I said to Chuck. “Where would you like to go for lunch?”
“This will be a good time to go to Hacienda del Sol,” he replied. And that is how we found ourselves celebrating on Terraza Garden Patio one beautiful day in early February. For those of you in more northerly climes, I don’t want to gloat, but the temps were in the low 70’s, the sky was brilliant blue, and there was just a hint of breeze. A perfect day for dining outside.
La Terraza is one of two restaurants at Hacienda del Sol.The other—The Grill—is fine dining and is open for breakfast and dinner. (The Grill will be the subject of a future blog.) La Terraza is “One of those rare places that focuses equally on bar and restaurant…an excellent, affordable option for getting that resort feel without the resort prices…. Terraza has an amazing garden patio, the kind of comfy place where you'll want to just sit…” (tucsonmetromix.com).
“…A garden dining experience in the heart of the Foothills, Terraza Garden Patio & Lounge (is) surrounded by Joesler-designed architecture and blossoming gardens. Guests can nosh on appetizers in an alfresco setting–arguably the best patio dining in Tucson…. Terraza’s menu features appetizers, salads and specialties influenced by the flavors of the Southwest. Many of the ingredients are locally and regionally grown, including herbs and vegetables that are grown at Hacienda del Sol…” (whatscookingtoday.blogspot.com).
We were too early for the gardens to be blossoming, but I can imagine how beautiful the patio will be come spring. Since temperatures drop—sometimes rapidly—at night in the desert, a large fireplace stands in one corner to provide warmth when the weather is chilly. We learned from the young man serving as maître d'/manager that the fireplace originally burned wood but had recently been converted to gas. He was not pleased with the change.
The same menu serves for lunch and dinner and includes a reasonable number of appetizers, salads, and sandwiches. Since this was Chuck’s birthday, I let him choose the menu. Among the items that sounded interesting, but not ordered, were the Duck Rillette (“a preparation of meat similar to pâté…. (T)he meat is cubed or chopped, salted heavily and cooked slowly in fat until it is tender enough to be easily shredded, and then cooled with enough of the fat to form a paste” [Wikipedia.org].) that came with grilled crostini, gherkins, pickled onions, and whole grain mustard and the Salmon Cakes served with cured lemons, mint, tomato, Israeli cous-cous, olives, and tzatziki.
Instead, from the appetizers list, we chose the Sweet & Spicy Calamari served on a bed on cabbage with radishes, scallions, carrots, and sweet Thai chile sauce. While not visible in this photo, the shredded cabbage reminded both of us of the bed of crispy rice noodles that form the base of the Asian Shrimp served at Asian Noodle Bar in Albuquerque. And that was not the only reminder. The Thai chile sauce was also evocative of the Asian Shrimp, since a similar sauce is used in the latter’s preparation. And, as a surprise, nestled among the other components were some thin battered and fried jalapeno strips. And I should mention that the calamari were lightly battered, tender, and a mix of rings and tentacle pieces.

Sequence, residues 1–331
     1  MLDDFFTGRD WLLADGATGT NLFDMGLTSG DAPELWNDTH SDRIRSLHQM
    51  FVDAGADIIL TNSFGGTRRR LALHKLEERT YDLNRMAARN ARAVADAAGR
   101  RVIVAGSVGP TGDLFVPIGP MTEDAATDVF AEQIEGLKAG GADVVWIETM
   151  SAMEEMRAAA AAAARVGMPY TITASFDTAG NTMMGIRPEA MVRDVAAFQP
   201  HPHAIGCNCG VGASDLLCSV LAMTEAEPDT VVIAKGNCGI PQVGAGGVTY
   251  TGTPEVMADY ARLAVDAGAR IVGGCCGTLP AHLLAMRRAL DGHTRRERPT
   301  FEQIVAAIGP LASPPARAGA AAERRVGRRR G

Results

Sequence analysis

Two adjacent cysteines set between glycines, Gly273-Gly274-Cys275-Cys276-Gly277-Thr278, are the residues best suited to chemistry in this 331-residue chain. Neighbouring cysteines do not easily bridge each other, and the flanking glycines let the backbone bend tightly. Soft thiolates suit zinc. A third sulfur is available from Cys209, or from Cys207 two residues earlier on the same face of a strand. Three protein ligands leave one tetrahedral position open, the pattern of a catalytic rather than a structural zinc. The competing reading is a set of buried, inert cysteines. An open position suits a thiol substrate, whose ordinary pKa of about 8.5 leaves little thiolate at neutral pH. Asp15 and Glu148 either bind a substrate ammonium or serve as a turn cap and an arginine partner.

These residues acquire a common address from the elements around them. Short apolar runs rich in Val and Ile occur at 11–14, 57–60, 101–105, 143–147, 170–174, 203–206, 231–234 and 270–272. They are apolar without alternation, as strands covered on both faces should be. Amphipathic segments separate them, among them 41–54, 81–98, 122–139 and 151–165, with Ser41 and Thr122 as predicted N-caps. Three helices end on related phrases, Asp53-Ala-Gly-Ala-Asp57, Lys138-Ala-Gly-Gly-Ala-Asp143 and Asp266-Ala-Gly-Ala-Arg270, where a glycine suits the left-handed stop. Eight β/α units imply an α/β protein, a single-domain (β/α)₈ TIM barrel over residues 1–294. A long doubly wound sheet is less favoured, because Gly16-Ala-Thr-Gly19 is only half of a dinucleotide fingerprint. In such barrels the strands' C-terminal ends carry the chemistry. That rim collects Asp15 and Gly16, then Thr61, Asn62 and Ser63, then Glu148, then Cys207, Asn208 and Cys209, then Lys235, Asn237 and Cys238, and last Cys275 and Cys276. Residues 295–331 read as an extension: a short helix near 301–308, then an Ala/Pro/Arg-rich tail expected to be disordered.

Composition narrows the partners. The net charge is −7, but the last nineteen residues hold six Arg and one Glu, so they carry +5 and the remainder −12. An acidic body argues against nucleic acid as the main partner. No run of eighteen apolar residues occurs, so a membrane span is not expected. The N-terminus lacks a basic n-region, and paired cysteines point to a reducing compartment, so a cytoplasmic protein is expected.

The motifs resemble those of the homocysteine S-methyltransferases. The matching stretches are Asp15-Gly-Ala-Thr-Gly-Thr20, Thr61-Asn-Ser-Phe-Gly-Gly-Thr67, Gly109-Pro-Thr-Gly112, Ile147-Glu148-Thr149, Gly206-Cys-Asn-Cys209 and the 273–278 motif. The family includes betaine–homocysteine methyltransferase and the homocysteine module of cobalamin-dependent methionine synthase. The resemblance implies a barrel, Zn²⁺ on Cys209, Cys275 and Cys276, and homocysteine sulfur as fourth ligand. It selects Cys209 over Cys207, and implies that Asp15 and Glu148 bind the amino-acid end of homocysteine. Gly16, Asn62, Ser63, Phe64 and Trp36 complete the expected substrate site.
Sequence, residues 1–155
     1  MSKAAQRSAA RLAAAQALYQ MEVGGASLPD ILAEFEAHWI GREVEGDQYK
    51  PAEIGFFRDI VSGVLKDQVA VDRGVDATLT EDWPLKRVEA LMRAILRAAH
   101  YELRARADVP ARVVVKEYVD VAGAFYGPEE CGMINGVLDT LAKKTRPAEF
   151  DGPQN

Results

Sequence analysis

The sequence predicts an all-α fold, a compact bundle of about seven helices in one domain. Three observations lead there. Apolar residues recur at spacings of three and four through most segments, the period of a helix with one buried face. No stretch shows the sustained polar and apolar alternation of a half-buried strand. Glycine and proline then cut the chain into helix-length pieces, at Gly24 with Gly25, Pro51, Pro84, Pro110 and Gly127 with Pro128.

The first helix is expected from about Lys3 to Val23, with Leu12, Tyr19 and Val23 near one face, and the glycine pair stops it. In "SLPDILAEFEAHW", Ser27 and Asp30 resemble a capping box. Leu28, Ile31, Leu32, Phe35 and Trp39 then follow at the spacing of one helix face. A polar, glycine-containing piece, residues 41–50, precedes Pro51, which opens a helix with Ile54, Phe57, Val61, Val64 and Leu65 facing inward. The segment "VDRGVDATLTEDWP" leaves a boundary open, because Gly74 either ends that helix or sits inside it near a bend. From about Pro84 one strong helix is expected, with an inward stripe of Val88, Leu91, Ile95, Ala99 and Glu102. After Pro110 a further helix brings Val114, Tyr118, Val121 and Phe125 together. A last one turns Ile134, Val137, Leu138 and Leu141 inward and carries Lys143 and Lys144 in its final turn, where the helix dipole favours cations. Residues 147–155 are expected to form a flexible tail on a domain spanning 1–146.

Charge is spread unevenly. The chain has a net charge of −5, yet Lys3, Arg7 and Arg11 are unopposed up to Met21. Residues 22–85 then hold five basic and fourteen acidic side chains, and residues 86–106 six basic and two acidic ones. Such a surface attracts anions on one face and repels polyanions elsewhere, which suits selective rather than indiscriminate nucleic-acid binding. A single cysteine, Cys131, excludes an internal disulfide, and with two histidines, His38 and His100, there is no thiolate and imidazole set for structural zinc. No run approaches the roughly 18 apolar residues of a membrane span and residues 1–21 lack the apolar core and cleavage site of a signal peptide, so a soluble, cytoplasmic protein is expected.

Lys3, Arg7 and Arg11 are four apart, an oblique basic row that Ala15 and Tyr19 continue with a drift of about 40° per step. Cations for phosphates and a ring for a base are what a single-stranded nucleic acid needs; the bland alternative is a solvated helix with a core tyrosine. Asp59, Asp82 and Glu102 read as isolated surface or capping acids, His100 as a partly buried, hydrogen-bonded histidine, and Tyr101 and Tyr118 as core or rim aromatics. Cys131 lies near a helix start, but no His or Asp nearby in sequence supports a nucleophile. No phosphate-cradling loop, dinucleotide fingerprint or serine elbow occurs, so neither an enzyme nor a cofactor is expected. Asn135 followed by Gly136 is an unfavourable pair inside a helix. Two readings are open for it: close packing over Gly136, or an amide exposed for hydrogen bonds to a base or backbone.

Now it may seem strange to be celebrating one’s birthday with salads, but that is just what we did. The first was the Chicken Topopo with chicken (obviously), romaine, tomato, red onion, black beans all sitting on a nest of tortilla chips and very lightly tossed with roasted tomato-cilantro vinaigrette.
The second was the Haricots Verts (thin French green beans) Salad with potatoes, egg, grape tomato halves, micro greens, and green and black olives again tossed in a light sherry-mustard vinaigrette.
Now if you like a lot of dressing on your salad, La Terraza is not the place for you. The dressing on both salads was so lightly applied that only a faint film was visible on the bottom of each plate when we finished. We like this, but others might be disappointed. And both dressings were low on the vinegar/acid scale. Do you ever watch Top Chef on Bravo? The three regular judges—Tom Colicchio, Padma Lakshmi, and Gail Simmons—are always crying out for more acid in the dishes they judge. No thanks. Make mine low acid, please.
We finished the meal with birthday cake—or cinnamon apple cheesecake, to be precise. This was delicious. Not overly sweet and the apples in the topping still retained a bit of crispness. The density of this cheesecake reminded me of the Italian-style that is made with both cream cheese and ricotta, but our server went to check with the kitchen for me and returned to say that it was made with cream cheese and crème fraîche. My only regret is that I forgot to bring along a birthday candle.
As we were finishing a 5.0 Addie lunch, we were talking with the maître d'/manager and he mentioned that his favorite dish on all of the Hacienda’s menus is the house-made buffalo chorizo eggs Benedict. Now I am a sucker for variations on eggs Benedict, so we immediately made plans for a return visit—this time to The Grill.